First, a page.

After 1-day Rain Delay, Boys’ and Girls’ Club to Welcome Crowds at Annual Water Olympics

A Chautauqua Boys’ and Girls’ Club tradition is back for another season: the Water Olympics.

At 2 p.m. today, July 12,Club will be holding its annual Water Olympics at its waterfront as well as Sharpe Field. Clubbers will be split into groups — Groups 1 through 8 — by boys and girls in different grades for a number of activities throughout the day, playing for either the Red or Blue team. The Senior Athletic Club — a group of high school freshmen and sophomores — will also be participating in separate activities.

Groups 1 through 4 will begin on the water, while Groups 5 through 8 alternate between kayak races and group volleyball.

Throughout the day, all groups will participate in activities like the hula hoop relay, where a human chain must be made to pass the hula hoop down the line. The first team that passes the hoop to the end without breaking the chain wins the event.

A Club favorite is Tug-a-Melon, according to Alyssa Porter, director of youth and family programs. The game includes all groups, and players try to get a greased-up watermelon from the middle of the Club’s selected lake area back to their dock to score points. This game, when played by all the teams, is very high energy and a great time, Porter said.

Groups 1 through 4 will play games like Inner Tube Pull, in which a team member’s number is called, and that team member must swim out to the center of Club’s area of the lake to bring their team’s inner tube back to the dock.

As Inner Tube Pull rages on, other groups will be participating in the Sponge Relay, where group members swim out to collect as many sponges as possible. At the end of the game, counselors count the sponges and call the winning team.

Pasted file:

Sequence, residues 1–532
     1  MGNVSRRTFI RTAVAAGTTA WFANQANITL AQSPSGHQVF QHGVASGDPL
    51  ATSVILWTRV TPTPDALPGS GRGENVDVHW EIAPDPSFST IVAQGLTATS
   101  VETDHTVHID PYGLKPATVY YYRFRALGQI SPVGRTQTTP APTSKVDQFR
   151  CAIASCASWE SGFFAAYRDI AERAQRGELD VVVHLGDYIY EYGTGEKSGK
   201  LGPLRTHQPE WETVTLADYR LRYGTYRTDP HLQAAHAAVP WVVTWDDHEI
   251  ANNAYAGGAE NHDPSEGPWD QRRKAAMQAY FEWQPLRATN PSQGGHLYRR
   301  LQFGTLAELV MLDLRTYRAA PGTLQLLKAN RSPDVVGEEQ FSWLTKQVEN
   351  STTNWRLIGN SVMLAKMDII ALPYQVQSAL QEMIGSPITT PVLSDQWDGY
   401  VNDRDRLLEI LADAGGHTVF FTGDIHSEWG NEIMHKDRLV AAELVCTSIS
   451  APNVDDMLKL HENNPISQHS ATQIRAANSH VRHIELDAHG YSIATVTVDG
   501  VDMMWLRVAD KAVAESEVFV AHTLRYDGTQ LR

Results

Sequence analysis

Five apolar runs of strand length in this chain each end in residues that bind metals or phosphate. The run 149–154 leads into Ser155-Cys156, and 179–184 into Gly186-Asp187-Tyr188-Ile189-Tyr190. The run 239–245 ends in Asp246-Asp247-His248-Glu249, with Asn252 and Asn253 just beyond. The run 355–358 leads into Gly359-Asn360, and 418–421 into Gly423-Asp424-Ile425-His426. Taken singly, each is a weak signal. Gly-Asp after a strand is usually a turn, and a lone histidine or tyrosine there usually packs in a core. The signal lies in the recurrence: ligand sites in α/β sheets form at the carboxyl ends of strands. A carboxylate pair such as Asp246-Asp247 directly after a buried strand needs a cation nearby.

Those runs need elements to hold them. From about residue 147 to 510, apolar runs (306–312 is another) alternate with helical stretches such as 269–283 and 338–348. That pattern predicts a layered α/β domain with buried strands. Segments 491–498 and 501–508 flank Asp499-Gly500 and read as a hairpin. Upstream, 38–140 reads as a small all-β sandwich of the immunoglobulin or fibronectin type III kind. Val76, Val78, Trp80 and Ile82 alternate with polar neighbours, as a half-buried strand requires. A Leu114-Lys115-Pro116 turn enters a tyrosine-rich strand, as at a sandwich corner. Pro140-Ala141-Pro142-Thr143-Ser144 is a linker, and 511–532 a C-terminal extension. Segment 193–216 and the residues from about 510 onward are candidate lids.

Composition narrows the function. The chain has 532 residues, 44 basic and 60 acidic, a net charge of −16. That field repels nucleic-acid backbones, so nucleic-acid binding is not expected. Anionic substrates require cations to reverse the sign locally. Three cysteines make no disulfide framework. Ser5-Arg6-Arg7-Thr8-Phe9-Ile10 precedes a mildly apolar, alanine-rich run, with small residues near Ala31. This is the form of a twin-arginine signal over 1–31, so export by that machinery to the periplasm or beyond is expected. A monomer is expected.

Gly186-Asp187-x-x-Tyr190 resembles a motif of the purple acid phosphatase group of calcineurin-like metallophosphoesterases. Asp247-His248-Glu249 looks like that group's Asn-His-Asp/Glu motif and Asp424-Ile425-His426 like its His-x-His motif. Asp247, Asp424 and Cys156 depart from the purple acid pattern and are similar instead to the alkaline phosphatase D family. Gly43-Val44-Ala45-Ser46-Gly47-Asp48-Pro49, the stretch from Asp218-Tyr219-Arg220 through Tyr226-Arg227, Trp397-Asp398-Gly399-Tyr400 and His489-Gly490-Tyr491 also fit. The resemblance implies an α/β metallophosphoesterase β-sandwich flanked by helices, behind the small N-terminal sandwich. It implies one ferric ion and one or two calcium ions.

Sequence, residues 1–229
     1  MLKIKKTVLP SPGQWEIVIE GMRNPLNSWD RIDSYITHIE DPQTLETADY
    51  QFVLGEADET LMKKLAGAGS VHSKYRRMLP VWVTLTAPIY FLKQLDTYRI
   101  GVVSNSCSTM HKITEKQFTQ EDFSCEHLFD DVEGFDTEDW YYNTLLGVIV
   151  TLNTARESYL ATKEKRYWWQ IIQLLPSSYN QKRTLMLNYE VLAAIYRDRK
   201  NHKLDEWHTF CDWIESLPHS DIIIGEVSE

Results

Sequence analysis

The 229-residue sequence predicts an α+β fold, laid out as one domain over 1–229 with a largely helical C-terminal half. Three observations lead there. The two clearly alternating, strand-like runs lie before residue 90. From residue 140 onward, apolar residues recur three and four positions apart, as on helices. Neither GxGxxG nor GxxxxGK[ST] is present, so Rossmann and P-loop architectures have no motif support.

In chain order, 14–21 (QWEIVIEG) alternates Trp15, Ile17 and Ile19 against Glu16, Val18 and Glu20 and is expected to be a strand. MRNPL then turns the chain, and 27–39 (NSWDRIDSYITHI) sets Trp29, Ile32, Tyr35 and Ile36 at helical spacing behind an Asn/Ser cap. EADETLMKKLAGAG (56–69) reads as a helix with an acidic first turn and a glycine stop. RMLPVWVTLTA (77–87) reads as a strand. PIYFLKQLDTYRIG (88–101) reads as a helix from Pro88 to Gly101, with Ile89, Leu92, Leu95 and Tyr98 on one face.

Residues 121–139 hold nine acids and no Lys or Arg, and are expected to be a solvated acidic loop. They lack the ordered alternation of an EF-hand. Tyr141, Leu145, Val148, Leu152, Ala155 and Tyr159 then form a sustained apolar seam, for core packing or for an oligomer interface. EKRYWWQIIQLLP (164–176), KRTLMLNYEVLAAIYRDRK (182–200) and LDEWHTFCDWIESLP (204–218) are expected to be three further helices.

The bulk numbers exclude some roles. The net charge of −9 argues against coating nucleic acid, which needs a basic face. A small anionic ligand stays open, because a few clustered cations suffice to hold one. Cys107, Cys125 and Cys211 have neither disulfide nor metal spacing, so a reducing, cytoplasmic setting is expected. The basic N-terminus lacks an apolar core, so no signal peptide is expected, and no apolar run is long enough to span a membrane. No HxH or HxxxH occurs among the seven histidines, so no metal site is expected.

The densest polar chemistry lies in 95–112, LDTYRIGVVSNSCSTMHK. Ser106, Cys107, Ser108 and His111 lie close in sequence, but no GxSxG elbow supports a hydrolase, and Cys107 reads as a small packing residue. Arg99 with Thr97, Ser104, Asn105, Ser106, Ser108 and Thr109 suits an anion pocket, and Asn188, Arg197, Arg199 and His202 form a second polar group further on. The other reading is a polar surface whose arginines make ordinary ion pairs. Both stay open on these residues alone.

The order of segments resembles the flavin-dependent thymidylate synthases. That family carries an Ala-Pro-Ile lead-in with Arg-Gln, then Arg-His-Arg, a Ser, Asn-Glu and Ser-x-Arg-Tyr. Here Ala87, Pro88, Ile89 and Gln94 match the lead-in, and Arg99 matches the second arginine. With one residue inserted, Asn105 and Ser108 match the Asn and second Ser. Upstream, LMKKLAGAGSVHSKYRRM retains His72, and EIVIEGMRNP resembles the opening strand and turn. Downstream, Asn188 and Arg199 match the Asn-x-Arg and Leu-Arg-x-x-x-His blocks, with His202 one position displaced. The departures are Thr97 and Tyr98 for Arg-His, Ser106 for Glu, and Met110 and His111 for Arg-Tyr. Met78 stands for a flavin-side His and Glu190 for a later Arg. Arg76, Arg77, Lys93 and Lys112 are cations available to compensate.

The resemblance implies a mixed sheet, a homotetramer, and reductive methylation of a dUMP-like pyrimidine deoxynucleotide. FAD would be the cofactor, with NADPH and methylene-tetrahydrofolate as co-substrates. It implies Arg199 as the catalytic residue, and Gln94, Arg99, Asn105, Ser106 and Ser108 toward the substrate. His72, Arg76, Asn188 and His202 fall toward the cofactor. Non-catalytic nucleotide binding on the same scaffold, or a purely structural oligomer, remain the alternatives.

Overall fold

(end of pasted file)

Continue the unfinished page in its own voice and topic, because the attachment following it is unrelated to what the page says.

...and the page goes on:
From 2 to 3 p.m., Groups 5 through 8 will take turns in a timed kayak race, in which two team members race kayaks around a buoy and pass off the boat. Simultaneously, other groups will be participating in a beach volleyball game to earn points for their respective teams.

Later in the day, Groups 5 through 8 also get to participate in a 25-yard freestyle swimming race and play a water basketball free-throw game to collect points.

The day fosters competitive energy, Porter said, and in the end, the stress and planning of the day is all worth it to see the excitement of the hundreds of kids coming out for the event. As the day winds down, Porter said the excitement continues until the winner is finally announced.

“There’s a big anticipation at the end when it’s (announced), ‘and the team who wins is …’ ” Porter said.“All 400 kids and the adults that are here are silent, waiting. Then there’s a big burst of cheer for whichever team won.”
Tags : ChautauquaWater Olympics

The author Evan Dean

Evan Dean is originally from West Orange, New Jersey, but now spends most of his time in St. Petersburg, Florida, studying at Eckerd College. Currently majoring in communications with a minor in journalism, he covers recreation for the Daily. An avid canoe voyager and Eagle Scout, Evan loves spending time outdoors and is ready for his first summer at Chautauqua.